Noticed yellow, pale green or brown needles on your evergreens in winter? Well, winter salt may be the issue–especially if your struggling trees are facing the road or near a sidewalk.

Winter salt prevents you from slipping in winter, but it actually hurts your plants and trees by drying them out. Luckily, helping trees affected by winter salt is easy!

When planting new trees, select salt-tolerant evergreens to minimize the problem in the future.

Salt-Tolerant Evergreens For The Northeast & Salt Belt

Remember! Always pick the right tree for the right place. That includes selecting trees in your planting zone. Then, wait until the time is right to plant evergreens, usually fall.

Salt-Tolerant Trees For Zones 2-10

  • Common juniper (Juniperus communis) (zone 2-8): A small but mighty evergreen that tolerates lots of wind              

  • Eastern redcedar (Juniperus virginiana) (zone 2-9): A sun-loving evergreen that is also drought tolerant

  • Mugo pine (Pinus mugo) (zone 2-7): An adaptable evergreen that thrives in most soils and is drought tolerant

  • Southern magnolia (Magnolia grandiflora) (zone 6-10): An evergreen that wows with snow-white flowers in late spring

  • Longleaf pine (Pinus palustris) (zone 7-10): A Southern classic that is drought-tolerant when established

The Benefit Of Salt-Tolerant Evergreens & Trees

Winter salt can cause water stress on trees. Symptoms may look similar to drought stress, such as late leaf-out, stunted foliage, discolored/disfigured foliage, or even branch dieback. Some trees, however, can simply handle winter salt better than others.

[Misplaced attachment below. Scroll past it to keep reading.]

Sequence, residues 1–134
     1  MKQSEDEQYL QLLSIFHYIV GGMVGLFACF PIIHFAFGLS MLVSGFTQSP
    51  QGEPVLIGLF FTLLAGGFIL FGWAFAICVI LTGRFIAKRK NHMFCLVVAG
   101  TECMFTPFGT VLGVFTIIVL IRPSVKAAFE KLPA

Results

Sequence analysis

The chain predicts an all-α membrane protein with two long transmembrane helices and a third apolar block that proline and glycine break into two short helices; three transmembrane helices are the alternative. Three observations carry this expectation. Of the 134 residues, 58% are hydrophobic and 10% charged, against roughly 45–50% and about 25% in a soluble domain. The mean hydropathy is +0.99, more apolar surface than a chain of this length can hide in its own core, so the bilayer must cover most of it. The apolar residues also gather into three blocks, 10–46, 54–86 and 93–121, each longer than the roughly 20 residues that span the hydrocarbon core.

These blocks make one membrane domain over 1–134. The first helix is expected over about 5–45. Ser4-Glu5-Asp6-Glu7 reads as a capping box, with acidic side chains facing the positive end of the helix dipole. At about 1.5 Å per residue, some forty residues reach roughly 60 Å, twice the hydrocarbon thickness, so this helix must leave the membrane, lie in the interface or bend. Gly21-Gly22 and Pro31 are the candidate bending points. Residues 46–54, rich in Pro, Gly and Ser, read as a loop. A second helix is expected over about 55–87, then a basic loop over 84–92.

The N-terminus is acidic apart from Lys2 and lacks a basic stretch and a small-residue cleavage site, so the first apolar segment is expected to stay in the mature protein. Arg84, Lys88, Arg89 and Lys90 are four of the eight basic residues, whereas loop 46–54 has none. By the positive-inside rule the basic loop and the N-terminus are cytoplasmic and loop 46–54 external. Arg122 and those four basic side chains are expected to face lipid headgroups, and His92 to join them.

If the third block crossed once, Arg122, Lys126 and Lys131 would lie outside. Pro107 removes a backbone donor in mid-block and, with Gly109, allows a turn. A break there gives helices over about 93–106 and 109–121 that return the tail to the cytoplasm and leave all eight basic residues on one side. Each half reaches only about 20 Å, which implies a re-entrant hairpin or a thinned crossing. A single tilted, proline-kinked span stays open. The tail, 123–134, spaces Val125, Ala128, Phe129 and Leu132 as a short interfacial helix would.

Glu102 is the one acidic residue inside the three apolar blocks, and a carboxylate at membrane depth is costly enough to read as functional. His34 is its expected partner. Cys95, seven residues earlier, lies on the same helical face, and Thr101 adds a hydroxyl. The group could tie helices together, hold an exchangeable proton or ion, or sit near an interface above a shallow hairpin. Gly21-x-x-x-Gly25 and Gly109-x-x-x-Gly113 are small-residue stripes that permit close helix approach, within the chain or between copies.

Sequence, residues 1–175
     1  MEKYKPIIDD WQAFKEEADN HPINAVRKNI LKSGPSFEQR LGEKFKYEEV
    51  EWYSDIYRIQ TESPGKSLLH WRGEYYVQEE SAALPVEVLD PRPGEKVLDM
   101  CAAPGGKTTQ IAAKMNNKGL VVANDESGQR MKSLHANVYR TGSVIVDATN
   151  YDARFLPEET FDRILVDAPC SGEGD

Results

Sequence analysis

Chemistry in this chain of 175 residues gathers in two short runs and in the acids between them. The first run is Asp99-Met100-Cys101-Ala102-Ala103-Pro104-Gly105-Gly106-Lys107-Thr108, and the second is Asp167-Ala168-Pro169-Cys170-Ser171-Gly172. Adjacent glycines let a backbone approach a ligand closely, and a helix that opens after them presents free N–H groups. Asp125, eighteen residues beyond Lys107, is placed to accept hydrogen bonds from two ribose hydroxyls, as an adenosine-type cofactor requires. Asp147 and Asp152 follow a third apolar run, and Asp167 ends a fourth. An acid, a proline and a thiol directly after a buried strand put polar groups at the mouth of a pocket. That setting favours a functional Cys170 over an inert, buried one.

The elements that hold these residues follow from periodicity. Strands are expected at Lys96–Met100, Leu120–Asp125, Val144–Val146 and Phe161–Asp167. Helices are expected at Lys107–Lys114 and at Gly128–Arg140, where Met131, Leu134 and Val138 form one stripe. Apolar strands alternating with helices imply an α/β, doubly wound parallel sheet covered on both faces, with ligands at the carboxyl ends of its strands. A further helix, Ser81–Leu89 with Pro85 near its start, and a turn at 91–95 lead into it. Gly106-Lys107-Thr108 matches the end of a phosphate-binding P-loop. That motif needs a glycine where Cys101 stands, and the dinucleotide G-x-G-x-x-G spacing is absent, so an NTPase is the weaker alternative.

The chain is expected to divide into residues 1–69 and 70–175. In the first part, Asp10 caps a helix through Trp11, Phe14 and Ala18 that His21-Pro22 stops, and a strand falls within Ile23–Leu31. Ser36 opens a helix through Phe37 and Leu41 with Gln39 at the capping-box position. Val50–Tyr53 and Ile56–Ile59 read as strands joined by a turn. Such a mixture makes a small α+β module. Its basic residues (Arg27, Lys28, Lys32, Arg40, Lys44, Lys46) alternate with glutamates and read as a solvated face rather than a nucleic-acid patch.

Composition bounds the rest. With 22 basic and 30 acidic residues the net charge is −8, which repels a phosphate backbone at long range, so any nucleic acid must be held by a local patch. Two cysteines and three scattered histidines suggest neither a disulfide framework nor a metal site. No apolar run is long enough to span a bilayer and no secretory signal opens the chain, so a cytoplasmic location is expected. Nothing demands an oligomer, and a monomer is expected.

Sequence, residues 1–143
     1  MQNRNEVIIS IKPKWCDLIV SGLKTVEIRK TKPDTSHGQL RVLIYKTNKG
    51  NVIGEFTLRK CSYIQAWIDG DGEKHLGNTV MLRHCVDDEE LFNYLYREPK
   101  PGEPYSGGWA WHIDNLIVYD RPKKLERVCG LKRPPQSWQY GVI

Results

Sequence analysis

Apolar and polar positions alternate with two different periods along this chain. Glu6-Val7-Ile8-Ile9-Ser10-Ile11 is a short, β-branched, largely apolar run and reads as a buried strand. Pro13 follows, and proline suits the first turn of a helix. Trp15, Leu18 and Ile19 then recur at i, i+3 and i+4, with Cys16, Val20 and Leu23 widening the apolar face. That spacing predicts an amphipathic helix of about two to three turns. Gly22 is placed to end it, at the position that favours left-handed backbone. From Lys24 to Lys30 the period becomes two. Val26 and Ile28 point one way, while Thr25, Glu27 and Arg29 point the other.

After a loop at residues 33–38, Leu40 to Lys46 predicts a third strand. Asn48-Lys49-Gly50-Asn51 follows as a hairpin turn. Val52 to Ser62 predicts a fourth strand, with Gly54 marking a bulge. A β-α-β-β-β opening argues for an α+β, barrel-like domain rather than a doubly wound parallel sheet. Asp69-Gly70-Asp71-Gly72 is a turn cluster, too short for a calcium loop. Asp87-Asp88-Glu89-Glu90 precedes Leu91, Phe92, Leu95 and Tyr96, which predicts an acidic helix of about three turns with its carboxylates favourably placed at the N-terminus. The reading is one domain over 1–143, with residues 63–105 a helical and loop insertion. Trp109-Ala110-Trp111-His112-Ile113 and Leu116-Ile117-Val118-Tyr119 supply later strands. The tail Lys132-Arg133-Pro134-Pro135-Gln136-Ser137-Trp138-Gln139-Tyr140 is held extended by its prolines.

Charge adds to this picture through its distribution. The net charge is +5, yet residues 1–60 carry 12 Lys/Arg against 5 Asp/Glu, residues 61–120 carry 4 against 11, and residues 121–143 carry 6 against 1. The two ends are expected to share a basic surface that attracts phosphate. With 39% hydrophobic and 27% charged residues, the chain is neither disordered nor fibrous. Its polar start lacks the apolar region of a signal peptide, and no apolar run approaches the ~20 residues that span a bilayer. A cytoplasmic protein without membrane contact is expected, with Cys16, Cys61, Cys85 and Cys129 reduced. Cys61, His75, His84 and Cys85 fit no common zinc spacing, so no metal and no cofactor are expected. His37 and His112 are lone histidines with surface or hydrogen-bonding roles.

“Strategically placed salt-tolerant trees can act as a barrier to protect less tolerant species from salt spray,” said Coe Roberts, a certified arborist and manager of digital strategy at the Arbor Day Foundation.

The Most Important States to Plant Salt-Tolerant Trees and Evergreens

As you’d guess, it’s most beneficial to plant salt-tolerant trees in areas that get the most snow. If you live in the Salt Belt, Coe recommends planting salt-tolerant species.

The Salt Belt includes Alaska, Colorado, Connecticut, Delaware, Illinois, Indiana, Iowa, Maine, Maryland, Massachusetts, Michigan, Minnesota, Missouri, New Hampshire, New Jersey, New York, Ohio, Pennsylvania, Rhode Island, South Dakota, Utah, Vermont, Virginia, West Virginia, Wisconsin, and Washington DC.

Read more about how winter salt can damage trees here!

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